The work of Paris-based Swiss artist Thomas Hirschhorn (b.1957) comprises giant, labour-intensive, room-sized collages of low-grade materials - that is to say, rubbish.
Hirschhorn is among the most significant artists to have emerged internationally in the 1990s. His work has been included in the world's top exhibitions (including Documenta 11, 2003, and the 48th Venice Biennale, 1999), and he was recipient of the prestigious Prix Marcel Duchamp in 2001.
Hirschhorn's work, a commentary on the spectacle of late-capitalist consumerism, is characterized by collages of tinfoil, cardboard, plywood, plastic and packing tape combined with an infinite variety of debris: handwritten texts and images culled from popular magazines, miniature toy airplanes and trains, knick-knacks by the hundreds, armies of plastic 'gold' watches, effigies of Nietzsche and Princess Diana, monitors duct-taped into vitrines, and so on.
Part text, part sculpture, part junk heap, and incorporating furniture, cardboard boxes, wooden frames and more, these installations reflect an extraordinarily prolific imagination. Their sheer volume and the time it takes to read and see these massive installations make them unforgettable, often quite humorous experiences. Half-sculptural, half-architectural and fully revolutionary, some of Hirschhorn's most elaborate installations, such as the multi-room Cavemanman (Barbara Gladstone Gallery, New York, 2002), transform ordinary spaces into a labyrinthine, parallel universe of hybrid forms and fascinating accumulations. A key player in the contemporary art scene today, Hirschhorn moves beyond existing genres - the readymade, the post-Conceptual, video - to offer an important, unprecedented direction for twenty-first-century art.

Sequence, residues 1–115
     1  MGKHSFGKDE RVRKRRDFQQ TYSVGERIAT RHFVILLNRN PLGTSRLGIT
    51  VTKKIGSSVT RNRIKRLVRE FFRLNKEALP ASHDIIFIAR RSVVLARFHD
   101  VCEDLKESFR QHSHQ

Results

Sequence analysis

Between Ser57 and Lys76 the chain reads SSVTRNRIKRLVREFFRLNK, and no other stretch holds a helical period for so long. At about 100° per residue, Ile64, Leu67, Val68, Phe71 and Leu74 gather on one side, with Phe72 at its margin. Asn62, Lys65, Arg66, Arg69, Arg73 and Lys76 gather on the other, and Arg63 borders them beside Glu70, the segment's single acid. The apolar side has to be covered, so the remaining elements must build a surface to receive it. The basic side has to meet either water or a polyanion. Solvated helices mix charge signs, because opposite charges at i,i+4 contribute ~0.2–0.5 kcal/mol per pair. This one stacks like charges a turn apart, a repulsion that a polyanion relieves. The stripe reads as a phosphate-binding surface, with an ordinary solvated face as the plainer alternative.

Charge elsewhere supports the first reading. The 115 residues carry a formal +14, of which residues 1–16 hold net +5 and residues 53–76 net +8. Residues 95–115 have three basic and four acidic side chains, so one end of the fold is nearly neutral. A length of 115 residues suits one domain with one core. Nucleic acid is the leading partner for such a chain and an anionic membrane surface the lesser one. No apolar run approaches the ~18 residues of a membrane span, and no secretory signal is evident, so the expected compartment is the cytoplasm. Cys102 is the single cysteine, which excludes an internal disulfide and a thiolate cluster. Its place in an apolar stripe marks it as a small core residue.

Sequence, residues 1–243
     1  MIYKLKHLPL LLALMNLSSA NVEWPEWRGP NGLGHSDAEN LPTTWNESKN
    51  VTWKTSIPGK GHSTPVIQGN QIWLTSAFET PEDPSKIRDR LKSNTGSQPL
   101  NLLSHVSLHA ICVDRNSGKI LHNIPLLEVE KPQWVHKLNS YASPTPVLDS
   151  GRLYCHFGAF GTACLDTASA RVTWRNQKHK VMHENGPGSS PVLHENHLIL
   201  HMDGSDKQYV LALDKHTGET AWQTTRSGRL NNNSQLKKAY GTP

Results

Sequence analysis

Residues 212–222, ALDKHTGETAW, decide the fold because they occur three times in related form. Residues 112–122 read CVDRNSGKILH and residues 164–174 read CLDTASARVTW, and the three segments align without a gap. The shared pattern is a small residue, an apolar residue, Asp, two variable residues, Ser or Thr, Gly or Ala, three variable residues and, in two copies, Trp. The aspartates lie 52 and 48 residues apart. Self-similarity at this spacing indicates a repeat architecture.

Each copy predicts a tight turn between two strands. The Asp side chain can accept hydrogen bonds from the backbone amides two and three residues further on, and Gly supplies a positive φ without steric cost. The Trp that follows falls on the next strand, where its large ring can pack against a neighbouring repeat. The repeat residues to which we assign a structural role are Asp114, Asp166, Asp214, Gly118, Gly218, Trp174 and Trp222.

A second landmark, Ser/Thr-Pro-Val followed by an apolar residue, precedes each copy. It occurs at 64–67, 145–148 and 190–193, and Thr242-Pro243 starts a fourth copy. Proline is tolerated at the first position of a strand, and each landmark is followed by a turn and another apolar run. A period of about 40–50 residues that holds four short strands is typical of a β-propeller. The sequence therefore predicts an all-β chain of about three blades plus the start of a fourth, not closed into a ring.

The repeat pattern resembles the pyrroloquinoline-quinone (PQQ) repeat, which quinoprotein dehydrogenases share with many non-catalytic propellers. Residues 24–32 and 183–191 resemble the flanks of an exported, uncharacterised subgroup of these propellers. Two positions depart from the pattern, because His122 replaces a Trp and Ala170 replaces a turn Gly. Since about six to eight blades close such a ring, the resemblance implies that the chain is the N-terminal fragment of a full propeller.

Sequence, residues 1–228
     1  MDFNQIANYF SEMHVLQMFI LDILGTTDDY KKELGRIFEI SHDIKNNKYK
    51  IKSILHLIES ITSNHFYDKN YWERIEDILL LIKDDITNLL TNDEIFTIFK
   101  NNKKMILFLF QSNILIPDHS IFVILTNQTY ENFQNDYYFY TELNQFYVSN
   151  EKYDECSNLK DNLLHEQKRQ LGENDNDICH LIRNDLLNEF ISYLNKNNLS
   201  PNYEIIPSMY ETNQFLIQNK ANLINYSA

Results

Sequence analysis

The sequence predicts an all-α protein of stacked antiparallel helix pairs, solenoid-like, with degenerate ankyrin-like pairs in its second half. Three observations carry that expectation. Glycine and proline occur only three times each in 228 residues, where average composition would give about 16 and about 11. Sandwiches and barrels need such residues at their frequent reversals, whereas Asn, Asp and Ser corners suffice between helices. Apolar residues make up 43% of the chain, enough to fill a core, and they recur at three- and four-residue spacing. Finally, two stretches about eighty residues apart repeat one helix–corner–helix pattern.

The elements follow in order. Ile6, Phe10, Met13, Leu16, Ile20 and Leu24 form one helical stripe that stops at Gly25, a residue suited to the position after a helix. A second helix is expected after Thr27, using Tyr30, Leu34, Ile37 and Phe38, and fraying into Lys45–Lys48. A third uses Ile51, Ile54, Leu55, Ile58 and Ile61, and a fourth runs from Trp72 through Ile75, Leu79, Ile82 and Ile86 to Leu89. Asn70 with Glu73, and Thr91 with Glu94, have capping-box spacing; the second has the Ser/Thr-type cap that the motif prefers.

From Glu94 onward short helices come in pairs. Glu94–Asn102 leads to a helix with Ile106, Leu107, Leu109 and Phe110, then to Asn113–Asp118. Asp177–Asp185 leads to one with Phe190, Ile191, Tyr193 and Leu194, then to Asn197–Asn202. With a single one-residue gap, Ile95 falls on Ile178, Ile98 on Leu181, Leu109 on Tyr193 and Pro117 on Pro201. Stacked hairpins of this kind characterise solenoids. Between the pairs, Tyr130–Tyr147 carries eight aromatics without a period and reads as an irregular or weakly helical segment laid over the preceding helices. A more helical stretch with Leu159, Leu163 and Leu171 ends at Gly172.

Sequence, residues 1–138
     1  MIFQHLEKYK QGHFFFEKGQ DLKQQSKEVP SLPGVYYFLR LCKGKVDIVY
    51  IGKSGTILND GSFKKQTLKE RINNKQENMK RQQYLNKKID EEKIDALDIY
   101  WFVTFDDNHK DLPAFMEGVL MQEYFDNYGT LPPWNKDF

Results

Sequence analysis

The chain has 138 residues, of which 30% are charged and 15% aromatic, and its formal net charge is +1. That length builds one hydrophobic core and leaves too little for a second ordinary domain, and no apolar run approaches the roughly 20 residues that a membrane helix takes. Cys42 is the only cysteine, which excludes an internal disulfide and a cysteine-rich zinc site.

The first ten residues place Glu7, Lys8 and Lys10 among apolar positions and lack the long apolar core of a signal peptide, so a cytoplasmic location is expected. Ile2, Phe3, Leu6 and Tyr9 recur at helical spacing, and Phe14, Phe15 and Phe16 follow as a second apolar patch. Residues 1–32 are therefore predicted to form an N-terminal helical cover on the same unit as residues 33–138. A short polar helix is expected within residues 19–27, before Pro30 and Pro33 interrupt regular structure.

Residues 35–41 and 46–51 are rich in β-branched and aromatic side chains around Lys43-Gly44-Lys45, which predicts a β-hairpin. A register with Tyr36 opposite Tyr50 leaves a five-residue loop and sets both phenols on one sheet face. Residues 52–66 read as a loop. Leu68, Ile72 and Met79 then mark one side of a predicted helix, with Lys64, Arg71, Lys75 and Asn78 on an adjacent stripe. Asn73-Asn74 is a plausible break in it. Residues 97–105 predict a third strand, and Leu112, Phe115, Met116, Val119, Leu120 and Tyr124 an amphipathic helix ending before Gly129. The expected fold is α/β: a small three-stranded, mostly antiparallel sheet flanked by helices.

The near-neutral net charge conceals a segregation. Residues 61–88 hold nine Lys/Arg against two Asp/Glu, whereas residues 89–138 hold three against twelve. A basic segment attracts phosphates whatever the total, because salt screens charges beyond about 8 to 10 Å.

Noted professor and art theorist Benjamin H. D. Buchloh surveys the artist's work, form its anonymous beginnings in the streets of Paris to his recent virtuoso installations, as part of a long tradition of politically motivated anti-monuments. In her Interview, Alison M. Gingeras, who has worked with Hirschhorn numerous times since 2000, discusses with the artist his beginnings as a graphic designer and his more recent dealings with the contemporary art system. Carlos Basualdo offers a full analysis of, as well as a little background on, Bataille Monument at Documenta 11, which Basualdo co-curated. Emergency Library is a unique Artist's Choice comprised of a series of oversized books attesting to Hirschhorn's love, both aesthetic and intellectual, for the the familiar, well-thumbed copies of his beloved books. Hirschhorn's emphatic Artist's Writings include project notes and personal correspondence.